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by Caress Thirus

Only one genre is as hot as the undead thrillers abundant in Hollywood today, and that is the psychological thriller.

Penitence is a short film by Chris Emmons that plays with the mind and makes the heart jump as the story unfolds. Nick awakens in a cabin covered with bruises and scars. He appears confused and tries to put the pieces of his life together, but when he opens his eyes, he finds himself in a different place. Something strange is going on, and Nick can’t seem to put his finger on what it is. He jumps back-and-forth through time and circumstances, trying to figure out when this madness began and what exactly is going on. The pieces of the puzzle come together slowly, until the shocking discovery finally comes to the surface at the end.

Though it has an interesting story, Penitence is a little hard to hold onto since the premise is so vague. When viewers sit down to watch the movie, they have no previous knowledge about Nick’s situation, and the twists and turns, though important, are just plain confusing. The film differs from Inception, for instance, in that the viewer has nothing to hold onto in order to put the pieces of the puzzle together. The film really makes no sense until the very end.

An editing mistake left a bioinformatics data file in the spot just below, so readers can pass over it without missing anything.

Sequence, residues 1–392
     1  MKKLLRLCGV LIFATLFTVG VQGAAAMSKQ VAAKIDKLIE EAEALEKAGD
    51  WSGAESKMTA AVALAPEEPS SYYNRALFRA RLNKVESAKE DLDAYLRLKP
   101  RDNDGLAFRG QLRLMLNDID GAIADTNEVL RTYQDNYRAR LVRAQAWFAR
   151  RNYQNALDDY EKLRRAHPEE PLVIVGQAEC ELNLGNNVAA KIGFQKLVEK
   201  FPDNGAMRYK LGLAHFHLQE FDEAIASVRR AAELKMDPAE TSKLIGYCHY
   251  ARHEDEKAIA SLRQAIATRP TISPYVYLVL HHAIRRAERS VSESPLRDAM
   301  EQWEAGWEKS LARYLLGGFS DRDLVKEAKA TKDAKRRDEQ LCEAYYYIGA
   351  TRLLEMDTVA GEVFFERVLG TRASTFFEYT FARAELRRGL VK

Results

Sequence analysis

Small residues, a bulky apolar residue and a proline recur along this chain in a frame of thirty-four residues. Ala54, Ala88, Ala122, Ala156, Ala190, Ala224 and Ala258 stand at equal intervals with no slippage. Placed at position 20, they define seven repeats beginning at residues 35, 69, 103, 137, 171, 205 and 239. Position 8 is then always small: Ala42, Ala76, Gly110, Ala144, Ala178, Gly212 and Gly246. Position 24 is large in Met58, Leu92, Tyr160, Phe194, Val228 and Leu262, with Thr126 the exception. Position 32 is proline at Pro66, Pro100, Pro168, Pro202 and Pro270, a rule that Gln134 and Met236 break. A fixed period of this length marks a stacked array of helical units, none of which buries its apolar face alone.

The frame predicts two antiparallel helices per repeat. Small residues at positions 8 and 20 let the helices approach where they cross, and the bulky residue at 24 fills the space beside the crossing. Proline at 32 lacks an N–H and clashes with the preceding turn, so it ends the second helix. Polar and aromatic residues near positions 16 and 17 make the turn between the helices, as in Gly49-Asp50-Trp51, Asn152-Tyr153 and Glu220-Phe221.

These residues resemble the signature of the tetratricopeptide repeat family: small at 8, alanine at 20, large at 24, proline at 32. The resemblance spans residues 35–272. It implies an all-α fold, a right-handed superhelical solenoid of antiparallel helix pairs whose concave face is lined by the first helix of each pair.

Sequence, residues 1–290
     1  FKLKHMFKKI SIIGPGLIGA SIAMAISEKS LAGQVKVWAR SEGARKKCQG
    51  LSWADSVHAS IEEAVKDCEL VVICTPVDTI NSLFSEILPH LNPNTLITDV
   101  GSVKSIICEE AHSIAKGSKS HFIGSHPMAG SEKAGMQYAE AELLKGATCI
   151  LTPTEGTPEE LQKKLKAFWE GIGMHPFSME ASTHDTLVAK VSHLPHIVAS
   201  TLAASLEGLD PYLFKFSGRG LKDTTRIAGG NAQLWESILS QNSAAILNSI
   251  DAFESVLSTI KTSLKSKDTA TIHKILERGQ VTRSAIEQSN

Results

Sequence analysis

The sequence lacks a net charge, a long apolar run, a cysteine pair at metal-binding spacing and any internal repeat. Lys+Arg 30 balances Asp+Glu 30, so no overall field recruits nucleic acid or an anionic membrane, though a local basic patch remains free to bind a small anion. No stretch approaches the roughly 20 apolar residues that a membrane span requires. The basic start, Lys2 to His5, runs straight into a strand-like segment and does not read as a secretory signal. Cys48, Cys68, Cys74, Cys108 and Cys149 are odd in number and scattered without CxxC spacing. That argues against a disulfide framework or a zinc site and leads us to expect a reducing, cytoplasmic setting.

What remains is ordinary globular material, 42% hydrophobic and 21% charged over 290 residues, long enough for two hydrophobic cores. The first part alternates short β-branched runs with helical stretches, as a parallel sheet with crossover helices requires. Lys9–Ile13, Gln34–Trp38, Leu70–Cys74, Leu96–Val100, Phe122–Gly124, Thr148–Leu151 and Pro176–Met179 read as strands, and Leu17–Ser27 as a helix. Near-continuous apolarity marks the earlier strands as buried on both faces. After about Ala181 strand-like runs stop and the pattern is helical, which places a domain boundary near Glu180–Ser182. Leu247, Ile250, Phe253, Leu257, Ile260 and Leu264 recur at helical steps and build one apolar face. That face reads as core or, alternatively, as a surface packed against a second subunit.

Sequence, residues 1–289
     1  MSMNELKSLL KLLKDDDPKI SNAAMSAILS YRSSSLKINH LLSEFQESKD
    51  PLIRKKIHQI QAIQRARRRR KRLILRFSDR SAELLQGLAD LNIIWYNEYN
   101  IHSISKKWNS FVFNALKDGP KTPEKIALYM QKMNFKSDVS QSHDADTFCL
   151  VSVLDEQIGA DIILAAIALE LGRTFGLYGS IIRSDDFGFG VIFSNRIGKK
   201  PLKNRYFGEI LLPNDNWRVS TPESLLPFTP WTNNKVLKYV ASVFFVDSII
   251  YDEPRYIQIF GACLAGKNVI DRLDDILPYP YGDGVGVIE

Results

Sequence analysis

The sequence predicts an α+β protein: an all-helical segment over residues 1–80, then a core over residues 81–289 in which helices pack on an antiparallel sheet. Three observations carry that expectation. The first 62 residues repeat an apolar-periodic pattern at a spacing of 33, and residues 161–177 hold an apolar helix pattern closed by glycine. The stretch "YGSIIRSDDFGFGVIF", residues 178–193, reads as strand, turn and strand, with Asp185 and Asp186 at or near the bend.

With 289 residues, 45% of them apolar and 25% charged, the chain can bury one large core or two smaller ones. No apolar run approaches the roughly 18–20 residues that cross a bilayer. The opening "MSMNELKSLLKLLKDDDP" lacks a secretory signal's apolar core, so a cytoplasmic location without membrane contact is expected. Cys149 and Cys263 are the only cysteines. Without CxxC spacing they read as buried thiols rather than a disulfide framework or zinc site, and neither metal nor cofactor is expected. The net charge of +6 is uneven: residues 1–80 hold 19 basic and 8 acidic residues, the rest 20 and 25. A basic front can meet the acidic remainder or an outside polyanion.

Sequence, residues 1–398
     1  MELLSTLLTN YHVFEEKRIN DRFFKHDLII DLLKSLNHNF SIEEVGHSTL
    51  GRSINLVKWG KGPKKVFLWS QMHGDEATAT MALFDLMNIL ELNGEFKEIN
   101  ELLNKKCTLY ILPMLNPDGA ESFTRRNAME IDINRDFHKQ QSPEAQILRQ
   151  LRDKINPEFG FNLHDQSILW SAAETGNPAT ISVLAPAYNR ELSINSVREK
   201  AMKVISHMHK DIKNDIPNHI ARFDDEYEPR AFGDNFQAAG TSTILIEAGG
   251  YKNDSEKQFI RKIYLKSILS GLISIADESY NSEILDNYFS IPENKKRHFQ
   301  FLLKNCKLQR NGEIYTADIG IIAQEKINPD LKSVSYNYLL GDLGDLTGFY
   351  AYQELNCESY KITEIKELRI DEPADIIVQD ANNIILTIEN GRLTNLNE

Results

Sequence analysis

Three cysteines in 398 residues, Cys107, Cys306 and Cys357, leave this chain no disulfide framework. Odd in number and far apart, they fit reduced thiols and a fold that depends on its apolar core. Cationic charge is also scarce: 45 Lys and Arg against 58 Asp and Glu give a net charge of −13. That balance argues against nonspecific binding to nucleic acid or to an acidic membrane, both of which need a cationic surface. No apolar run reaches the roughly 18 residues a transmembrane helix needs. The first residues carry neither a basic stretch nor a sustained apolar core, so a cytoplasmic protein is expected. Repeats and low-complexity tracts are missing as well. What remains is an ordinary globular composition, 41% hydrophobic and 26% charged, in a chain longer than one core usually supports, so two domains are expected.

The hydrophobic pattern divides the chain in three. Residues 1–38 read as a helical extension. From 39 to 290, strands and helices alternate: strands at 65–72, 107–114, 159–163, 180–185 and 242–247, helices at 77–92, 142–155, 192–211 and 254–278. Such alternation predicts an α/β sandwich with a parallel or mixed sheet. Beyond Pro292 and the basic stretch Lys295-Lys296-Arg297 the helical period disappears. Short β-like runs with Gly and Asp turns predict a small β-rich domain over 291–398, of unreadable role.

Not to say that this is not an effective way of telling a story, but if a filmmaker is going to leave the audience hanging on until the very end, it’s harder to do so with a low budget. If the film had been more beautiful cinematographically, or had better sound mixing (though the sound mixing is pretty cool, for what it’s worth), audiences would more than likely enjoy the film a little bit more. The flashback scene at the end is very over-exposed and so quiet that it’s almost a hassle to watch.

Penitence mixes reality and fantasy, ecstasy and depression in non-linear order. It’s confusing, but not as intriguing as it aims to be. For the first ten minutes or so, random scenes and different characters appear and disappear, random occurrences happen, and the camera focuses on seemingly unimportant objects in an attempt to add some reasoning to the madness. Fortunately, the film is only fifteen minutes, and does not feel like a complete waste of time to watch. Penitence isn’t a bad movie, it just could have been better.

Most information is derived from IMDB's daily news, the Chicago dailies (Tribune and Sun Times), Entertainment Weekly,, various sources as listed, and by just paying attention.

Caress Thirus is a film lover from Chicago, IL. A recent graduate of Roosevelt University, she enjoys indie films, foreign films, and clever psychological thrillers.

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